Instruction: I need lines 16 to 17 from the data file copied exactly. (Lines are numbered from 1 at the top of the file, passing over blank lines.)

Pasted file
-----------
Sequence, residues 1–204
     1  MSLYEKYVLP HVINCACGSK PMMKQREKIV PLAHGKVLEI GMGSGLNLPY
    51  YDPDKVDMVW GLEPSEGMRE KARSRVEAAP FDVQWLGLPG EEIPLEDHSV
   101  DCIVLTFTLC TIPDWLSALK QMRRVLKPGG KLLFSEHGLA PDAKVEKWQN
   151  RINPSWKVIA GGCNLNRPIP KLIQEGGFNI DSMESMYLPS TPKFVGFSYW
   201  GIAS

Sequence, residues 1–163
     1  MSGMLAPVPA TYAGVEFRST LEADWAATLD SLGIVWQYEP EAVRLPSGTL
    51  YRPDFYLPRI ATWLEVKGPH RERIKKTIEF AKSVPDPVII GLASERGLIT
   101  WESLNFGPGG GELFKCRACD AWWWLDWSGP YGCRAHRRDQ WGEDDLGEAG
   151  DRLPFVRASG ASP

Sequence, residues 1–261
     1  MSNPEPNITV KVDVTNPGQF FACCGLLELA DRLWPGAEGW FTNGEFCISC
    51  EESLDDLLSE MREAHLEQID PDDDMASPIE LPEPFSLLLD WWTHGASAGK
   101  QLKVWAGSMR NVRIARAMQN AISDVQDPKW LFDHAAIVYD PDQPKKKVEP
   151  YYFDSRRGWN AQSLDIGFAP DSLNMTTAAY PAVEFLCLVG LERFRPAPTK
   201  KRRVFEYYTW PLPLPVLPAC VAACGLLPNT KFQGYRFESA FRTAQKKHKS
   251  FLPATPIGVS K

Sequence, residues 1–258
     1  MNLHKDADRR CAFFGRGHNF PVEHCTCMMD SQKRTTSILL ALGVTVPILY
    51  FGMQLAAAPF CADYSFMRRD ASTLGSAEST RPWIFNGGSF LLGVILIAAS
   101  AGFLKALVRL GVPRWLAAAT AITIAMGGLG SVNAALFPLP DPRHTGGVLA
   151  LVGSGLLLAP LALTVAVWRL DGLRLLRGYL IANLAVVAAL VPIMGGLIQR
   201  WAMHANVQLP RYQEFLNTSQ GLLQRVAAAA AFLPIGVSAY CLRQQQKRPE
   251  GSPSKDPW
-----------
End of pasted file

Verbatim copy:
   151  YYFDSRRGWN AQSLDIGFAP DSLNMTTAAY PAVEFLCLVG LERFRPAPTK
   201  KRRVFEYYTW PLPLPVLPAC VAACGLLPNT KFQGYRFESA FRTAQKKHKS